Canada’s biggest electric utility Hydro-Quebec will temporarily halt processing requests from cryptocurrency miners due to “unprecedented” demand that has exceeded the company’s short and medium-term capacity.

In a press release dated June 7, the utility company noted that the directive to stop processing such requests came through a ministerial order. An “Order-in-Council” also instructed the provincial regulator, Régie de l’énergie, to address concerns hounding electricity sales to companies in the blockchain industry.

The council had five specific concerns: 1) categorization and specific rate setting for blockchain customers; 2) reserving a block of energy for these customers; 3) revenue maximization, 4) job creation; and 5) winter peak period issues.

To address the above concerns, Hydro-Quebec announced that:

“In coming days, Hydro-Québec will file an application with the Régie de l’Énergie proposing a selection process for blockchain industry projects in light of the concerns expressed by the Québec government in its Order-in-Council. The application will highlight the importance of rapidly moving forward so as not to miss the opportunities offered by this industry.”

Reuters, previously, reported Hydro-Quebec had asked the provincial regulator to limit the total power available for all crypto-miners to a single 500MW block. This is far below the 17,000MW that has so far been requested by Quebec-based crypto-miners, and highlights just how much demand has grown.

Considering that Hydro-Quebec’s total capacity is estimated at slightly above 40,000MW, this means that crypto-miners have requested to use over 40% of the utility company’s entire network capacity. Crypto-miners should not have been surprised by this latest announcement since this is not the first time their electricity requests have been temporarily stopped.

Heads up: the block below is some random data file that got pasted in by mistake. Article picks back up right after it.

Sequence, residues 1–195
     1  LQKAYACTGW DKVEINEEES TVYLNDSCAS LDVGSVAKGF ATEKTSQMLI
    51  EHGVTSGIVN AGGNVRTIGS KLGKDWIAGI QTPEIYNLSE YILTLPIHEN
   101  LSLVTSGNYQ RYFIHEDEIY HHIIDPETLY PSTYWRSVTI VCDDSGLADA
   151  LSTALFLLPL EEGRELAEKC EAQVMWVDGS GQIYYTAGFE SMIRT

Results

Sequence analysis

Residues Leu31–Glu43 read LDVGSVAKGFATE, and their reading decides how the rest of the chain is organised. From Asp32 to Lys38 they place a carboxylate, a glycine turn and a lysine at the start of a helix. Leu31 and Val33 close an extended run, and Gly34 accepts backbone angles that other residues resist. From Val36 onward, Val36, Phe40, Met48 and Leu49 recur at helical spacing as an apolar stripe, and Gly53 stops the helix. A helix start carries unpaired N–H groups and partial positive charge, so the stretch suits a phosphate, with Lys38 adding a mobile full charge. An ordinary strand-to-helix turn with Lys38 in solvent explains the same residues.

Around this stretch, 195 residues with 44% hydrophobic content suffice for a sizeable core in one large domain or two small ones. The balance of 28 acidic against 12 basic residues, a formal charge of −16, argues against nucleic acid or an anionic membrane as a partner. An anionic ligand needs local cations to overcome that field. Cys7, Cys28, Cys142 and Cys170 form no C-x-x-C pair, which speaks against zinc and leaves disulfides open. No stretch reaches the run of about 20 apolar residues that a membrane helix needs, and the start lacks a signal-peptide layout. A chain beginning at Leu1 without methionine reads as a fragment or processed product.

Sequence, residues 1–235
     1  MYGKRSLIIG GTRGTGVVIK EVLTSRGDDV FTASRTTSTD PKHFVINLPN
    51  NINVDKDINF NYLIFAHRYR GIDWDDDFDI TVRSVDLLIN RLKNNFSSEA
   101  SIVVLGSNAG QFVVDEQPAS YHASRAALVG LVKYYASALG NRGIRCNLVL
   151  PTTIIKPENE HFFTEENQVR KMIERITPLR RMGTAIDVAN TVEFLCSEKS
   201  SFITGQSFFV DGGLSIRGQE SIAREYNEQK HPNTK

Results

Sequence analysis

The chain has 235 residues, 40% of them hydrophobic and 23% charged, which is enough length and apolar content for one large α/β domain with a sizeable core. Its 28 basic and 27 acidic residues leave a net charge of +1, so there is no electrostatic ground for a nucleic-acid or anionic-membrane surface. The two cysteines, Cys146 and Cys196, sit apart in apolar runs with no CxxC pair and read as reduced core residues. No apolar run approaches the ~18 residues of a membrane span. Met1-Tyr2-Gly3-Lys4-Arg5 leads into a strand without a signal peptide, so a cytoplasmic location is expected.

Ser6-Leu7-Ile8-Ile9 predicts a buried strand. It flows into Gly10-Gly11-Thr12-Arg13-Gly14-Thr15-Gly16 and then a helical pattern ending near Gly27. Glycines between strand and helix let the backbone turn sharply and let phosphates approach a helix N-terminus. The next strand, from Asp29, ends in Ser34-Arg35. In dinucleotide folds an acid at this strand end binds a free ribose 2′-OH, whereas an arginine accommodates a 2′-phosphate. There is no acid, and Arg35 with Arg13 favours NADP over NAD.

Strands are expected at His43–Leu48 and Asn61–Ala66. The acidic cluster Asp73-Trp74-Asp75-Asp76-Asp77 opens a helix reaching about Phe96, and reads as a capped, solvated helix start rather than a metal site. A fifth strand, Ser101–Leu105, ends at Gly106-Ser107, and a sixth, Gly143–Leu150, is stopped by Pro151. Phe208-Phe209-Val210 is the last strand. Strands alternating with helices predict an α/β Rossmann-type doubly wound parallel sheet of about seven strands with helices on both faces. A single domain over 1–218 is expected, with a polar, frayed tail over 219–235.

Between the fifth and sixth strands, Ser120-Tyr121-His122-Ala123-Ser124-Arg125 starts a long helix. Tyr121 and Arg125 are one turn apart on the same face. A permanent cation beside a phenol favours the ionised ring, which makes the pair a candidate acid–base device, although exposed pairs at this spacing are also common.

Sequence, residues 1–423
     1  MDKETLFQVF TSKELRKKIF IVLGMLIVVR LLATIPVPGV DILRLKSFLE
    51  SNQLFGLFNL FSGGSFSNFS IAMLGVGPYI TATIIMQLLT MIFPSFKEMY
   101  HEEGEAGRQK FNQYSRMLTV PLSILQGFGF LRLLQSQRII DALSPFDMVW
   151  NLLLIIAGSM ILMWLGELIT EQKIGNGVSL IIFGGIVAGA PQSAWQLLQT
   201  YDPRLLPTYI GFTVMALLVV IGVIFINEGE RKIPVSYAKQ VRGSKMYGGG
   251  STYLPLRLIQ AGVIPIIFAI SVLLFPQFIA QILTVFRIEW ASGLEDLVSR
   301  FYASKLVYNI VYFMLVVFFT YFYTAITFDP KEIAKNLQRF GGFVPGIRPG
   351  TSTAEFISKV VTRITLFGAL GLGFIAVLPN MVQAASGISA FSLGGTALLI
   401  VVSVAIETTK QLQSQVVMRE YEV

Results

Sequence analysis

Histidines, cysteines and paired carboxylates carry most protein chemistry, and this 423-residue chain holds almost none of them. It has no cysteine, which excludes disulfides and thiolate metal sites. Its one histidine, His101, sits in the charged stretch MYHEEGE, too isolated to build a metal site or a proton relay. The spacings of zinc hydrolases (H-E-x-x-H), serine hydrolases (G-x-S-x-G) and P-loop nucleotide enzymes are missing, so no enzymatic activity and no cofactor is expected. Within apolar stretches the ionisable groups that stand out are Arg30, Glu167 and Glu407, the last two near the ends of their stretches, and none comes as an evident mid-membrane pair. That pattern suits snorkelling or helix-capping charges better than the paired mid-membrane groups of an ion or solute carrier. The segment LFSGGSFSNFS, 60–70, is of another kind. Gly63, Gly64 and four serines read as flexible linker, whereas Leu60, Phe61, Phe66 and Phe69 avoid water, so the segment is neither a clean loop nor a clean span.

Not the First Time Mining Electricity Requests Have Been Halted

In March 2018, it was reported that the company had put a similar moratorium on such requests, with a spokesman from the company saying:

“At the moment, the volume of requests that we have received from the cryptomining scene is very large…”We’re talking about more than 10,000 megawatts.”

According to local news reports, the March moratorium was only lifted at the end of May and Hydro-Quebec would implement new rates and “forced load shedding” on crypto-miners. This means that, during times of higher capacity requirements, the amount allocated to these companies would be reduced accordingly.

Quebec flag waving against clean blue sky, close up, isolated with clipping path mask alpha channel transparency. Source: Shutterstock.com
Quebec flag waving against the clear blue sky, close up, isolated with clipping path mask alpha channel transparency. Source: Shutterstock.com

Quebec and Crypto Mining: A Tenuous Balancing Act

Electricity costs in Quebec are about 36% lower on average compared to the United States and about 49% lower compared to the other G7 countries. Even in Canada, Quebec has the lowest costs in the country. This is because almost 100% of the energy produced in Quebec is renewable and stable, being mostly from hydropower.

These cheap electricity rates were an obvious incentive for crypto-mining operations, which moved to Quebec in droves. This was encouraged by Hydro-Quebec, which saw these miners as a lucrative revenue stream. The company even offered these miners discounted rates, hoping to attract more of them to the region. However, as electricity demand from these miners began to rapidly increase, the government saw no choice but to intervene.

As the crypto-mining industry continues to grow, it will be interesting to see how Hydro-Quebec manages this balancing act. Quebec is also a hotspot for data centers; so, it would be interesting to see if the company raises rates for that customer demographic as well.

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